It’s not a coincidence that performance means both entertainment and results.


“Buy the ticket, take the ride.”
-Hunter S. Thompson


Prospects don’t want to be sold to, they want to go for a ride. No matter what happens they want to walk away with a story to tell, because that’s what everyone else will want to hear.

The first step is getting them curious.

You might be asking yourself, how do you define curiosity on a sales call?

 

Here’s how I think about it as a question a prospect would feel: “How are they going to do what they said they can do?”

That question has a bit of suspense and desire to it. Enough for the prospect to want to see what happens next.

If your goal is to set up an initial sales call to truly introduce your product, how can you create a sense of curiosity?

Biggest mistake I see is when a rep tries to dig into the product a lot in that first call. Why is that? Because if you give the prospect just enough information, often times they think they understand everything about your product and can easily say, “nah I’m good, thanks, I get it though!”

Seriously, how often does anyone fully understand a product in 5 minutes or less?

An engaged and informed prospect is much deeper into the buying process, whereas a curious prospect is ready to take a first look.

You’re curious if the restaurant your friend recommended to you is really good. You’re interested in dinner. That’s the difference between the two. People buy dinner but are curious about restaurants.

And you’ll go to the new restaurant if you want to tell the story of what it was like going there. Buy the ticket, take the ride.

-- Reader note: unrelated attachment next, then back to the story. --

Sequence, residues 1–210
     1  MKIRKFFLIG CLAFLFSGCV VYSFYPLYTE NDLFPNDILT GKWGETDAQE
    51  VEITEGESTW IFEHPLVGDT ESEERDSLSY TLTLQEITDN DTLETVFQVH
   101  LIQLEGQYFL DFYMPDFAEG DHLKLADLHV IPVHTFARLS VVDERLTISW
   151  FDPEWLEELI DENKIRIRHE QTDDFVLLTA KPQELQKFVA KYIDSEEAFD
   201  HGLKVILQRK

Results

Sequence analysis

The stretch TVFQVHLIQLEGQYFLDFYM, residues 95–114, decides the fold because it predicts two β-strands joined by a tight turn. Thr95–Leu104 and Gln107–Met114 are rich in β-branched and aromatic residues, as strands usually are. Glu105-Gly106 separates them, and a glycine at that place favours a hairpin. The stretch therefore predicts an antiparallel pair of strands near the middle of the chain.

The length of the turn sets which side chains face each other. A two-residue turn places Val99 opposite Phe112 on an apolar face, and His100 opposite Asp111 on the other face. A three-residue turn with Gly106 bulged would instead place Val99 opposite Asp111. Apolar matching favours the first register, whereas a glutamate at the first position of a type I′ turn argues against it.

Going to the restaurant for the first time is like getting someone to agree to and show up to a first demo. Becoming a regular is like turning them into a customer.

How do you translate this into getting someone to agree to a demo?

You need to create a gap between what they’re likely interested in and what you have to offer.

It’s how you tell a story. The hero wants glory, and he sees where it is, but he doesn’t know exactly what will happen on the journey between where he stands and where he’s headed. That’s why we read the story, to see what happens on the way there and once the hero reaches the other side of the gap.

If you’re wondering, how do I apply this to a SaaS offering? – great question.

Most SaaS products are things people already do, have, or spend effort on. They’re interested in sales analytics. They’re interested in having a central record for each patient that’s updated in real time. They’re interested in having an email platform that can send drip campaigns and track what the recipients do. They’re curious about what you do and how that might be better than what they’re already doing.

And they’re curious because of the gap between what they’re currently doing and what you’re talking about.

You need to find people who are curious about what’s out there. You need to target people who are interested in what you have to offer because they already value it. Interest leads to buying, and long before that curiosity leads to people taking a look. The whole purpose of prospecting is to get people to take a look at what you have to offer.

Think about what that gap is between where your typical customer is when she first talks to you and where she will be after she buys.

How can you articulate that? What story can you tell around it?

How can you frame the ride (demo) so your prospect wants to buy a ticket?

Once you can perform well enough to get ready to ask the prospect to buy that ticket and take that demo you have to ask them to buy the damn ticket.

How to close a demo is another post in itself, but let me leave you with one idea on what you can say. Yes, I’ve said this before – and if you’ve done everything right up until this point, if you’ve created a gap, if you’ve put on a bit of a performance, it can work.

Ask, “Are you curious enough to want to learn more?”

Because if you’ve done your job, it’s hard for the prospect to say no when she really wants to buy that ticket.